Abstract: The COVID-19 crisis has the potential to be catastrophic for the millions of employees already in precarious situations. The shock wave it has sent down has its reverberation in shaping the globalised socio-economic condition. The vulnerable workers are among the hardest hit by the economic cataclysm of the pandemic. This article mainly focuses on the impact of COVID-19 on the exposed workers in two neighbouring countries- Bangladesh and India. Firstly, the article seeks to show the competency of the existing provisions in the legislature to deal with the pandemic. The objective is to assess whether and to what degree the existing body of laws is capable of addressing the issues that have emerged as a result of the ongoing uncontrollable situation. Secondly, it intends to provide a short but comprehensive review of the initiatives proposed by legislators in Bangladesh and India in response to the effect of the COVID-19 emergency on working conditions and business operations. Thirdly, the article deals with the responses of the state and the employers in maintaining workers’ due diligence whilst ensuring the growth of the economic activities in a country. The responses of global brands and the subsequent effects on workers in the immediate aftermath are also captured. The aforementioned responses attempt to apprehend the extent of applicability of the existing legal provisions. The article further proposes to bring changes to Acts, policies, guidelines and practices that can lead to long-term changes in order to safeguard and extend the fundamental rights of the employers and workers. The views expressed in this paper are based mostly on secondary sources. The views are critical analysis in order to understand the impact of the pandemic on the labour law regime.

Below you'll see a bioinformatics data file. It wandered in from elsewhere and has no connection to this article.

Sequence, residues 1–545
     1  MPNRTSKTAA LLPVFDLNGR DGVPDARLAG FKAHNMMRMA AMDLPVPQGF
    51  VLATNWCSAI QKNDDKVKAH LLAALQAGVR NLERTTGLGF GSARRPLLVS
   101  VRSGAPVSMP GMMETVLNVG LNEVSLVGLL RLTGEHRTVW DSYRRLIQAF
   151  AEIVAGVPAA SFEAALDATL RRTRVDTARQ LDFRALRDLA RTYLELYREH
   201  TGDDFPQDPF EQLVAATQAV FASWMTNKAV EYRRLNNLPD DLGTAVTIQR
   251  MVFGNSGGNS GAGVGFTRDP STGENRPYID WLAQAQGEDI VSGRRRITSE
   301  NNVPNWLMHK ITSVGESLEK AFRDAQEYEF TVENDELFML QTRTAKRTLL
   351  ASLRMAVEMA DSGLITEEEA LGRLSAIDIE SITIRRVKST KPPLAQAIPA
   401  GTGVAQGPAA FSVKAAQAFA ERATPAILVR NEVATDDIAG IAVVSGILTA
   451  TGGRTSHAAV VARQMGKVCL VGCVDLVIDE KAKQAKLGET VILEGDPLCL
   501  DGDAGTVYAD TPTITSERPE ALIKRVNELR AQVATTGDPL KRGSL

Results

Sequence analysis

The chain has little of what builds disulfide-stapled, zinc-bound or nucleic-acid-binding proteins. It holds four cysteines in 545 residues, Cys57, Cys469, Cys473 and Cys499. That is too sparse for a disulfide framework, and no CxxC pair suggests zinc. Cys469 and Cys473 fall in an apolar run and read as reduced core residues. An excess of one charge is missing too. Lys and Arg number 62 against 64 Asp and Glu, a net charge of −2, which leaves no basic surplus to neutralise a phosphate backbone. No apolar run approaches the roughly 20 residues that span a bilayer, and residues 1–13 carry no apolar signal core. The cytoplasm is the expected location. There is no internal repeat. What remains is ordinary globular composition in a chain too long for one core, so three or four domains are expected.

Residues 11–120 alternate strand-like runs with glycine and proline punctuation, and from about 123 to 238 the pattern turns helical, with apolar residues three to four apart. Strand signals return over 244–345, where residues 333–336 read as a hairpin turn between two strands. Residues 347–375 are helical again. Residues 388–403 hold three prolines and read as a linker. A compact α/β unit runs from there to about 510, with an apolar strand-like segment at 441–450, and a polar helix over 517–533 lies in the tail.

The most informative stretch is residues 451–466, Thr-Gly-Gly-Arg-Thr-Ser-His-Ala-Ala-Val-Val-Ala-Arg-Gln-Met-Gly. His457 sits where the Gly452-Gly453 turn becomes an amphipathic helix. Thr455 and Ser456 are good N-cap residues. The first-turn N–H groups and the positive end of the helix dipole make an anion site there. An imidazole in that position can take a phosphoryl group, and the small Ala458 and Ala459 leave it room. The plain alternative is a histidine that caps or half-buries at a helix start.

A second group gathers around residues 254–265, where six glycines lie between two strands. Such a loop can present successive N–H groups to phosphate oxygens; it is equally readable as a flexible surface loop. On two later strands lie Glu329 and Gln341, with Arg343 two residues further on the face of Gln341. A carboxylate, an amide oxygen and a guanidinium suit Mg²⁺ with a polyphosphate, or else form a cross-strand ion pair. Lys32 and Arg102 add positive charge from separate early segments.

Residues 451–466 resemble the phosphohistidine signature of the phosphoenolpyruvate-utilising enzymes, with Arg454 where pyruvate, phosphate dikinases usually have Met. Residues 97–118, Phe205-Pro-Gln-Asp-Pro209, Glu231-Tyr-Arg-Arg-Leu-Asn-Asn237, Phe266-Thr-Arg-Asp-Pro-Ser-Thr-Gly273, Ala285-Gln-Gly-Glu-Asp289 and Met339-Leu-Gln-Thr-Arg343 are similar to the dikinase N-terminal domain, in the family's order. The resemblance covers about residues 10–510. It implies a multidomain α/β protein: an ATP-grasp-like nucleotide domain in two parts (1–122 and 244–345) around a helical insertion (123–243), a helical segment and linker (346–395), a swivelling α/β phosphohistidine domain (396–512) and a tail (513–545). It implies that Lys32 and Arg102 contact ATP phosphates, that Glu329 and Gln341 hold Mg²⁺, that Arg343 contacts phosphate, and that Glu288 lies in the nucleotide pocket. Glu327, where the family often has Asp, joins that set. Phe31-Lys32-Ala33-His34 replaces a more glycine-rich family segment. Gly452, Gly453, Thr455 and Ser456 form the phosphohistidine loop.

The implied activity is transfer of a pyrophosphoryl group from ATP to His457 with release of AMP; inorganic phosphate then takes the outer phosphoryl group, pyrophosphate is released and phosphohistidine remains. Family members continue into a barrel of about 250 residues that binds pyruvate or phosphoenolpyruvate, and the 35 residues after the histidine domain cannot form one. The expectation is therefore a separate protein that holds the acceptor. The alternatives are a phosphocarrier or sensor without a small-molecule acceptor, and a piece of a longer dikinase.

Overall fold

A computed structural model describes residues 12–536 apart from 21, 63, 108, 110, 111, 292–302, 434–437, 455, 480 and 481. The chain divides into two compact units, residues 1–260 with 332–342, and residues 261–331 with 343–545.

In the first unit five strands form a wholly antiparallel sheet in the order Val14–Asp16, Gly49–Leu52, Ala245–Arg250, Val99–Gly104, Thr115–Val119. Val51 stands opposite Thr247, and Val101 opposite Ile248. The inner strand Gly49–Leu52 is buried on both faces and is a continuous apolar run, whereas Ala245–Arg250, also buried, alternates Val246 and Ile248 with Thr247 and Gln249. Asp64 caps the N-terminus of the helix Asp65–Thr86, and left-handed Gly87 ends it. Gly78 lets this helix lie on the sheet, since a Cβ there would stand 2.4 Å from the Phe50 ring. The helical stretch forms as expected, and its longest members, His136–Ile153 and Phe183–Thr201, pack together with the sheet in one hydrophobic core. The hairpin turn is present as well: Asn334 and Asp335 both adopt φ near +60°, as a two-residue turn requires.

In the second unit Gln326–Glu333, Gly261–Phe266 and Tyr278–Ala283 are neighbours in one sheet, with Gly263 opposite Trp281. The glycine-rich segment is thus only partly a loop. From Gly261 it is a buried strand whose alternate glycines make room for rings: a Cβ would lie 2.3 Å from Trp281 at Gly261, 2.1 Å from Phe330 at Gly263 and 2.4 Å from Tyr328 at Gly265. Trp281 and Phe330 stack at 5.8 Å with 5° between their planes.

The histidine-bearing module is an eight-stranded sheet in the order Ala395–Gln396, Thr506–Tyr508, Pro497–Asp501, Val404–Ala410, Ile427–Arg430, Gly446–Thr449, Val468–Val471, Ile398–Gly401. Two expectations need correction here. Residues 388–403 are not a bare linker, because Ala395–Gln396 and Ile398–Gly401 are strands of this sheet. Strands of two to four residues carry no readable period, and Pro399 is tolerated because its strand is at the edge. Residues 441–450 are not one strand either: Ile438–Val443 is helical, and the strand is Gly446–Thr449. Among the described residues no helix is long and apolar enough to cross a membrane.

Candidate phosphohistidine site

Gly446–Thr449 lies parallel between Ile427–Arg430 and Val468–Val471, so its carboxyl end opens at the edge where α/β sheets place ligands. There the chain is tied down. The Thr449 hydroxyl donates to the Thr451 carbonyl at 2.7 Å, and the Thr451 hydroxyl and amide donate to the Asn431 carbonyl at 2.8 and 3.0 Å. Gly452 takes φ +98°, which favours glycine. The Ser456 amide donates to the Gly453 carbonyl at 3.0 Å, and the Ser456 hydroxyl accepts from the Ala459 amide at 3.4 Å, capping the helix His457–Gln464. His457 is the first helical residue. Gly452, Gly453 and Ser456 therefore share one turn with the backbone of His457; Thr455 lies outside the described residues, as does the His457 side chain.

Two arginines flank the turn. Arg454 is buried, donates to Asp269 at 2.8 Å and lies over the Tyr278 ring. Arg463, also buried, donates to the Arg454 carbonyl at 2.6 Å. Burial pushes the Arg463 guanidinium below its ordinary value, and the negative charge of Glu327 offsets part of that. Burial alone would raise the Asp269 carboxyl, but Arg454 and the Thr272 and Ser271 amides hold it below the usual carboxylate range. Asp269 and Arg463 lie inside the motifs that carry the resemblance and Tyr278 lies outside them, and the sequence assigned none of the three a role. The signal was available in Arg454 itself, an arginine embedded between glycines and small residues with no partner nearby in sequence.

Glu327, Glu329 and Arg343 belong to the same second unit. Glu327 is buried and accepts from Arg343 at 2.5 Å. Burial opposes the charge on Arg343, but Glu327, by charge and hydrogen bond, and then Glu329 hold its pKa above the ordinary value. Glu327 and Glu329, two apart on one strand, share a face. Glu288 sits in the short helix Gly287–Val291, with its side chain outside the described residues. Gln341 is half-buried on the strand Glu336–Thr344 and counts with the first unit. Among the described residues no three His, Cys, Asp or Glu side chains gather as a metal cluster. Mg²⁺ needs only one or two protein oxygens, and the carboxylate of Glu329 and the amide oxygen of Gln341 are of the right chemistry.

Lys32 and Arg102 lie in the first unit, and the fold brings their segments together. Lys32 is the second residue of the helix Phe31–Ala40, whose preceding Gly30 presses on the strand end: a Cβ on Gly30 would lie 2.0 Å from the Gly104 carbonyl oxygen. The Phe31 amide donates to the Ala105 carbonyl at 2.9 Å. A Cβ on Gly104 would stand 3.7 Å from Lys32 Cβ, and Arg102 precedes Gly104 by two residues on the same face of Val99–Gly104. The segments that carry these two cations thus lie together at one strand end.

Harding, Lee and William Mallin, ‘COVID-19 and Serious and Imminent Danger: A New Dawn in Employee Litigation?’ (2020) 212(July) Employment Law Journal_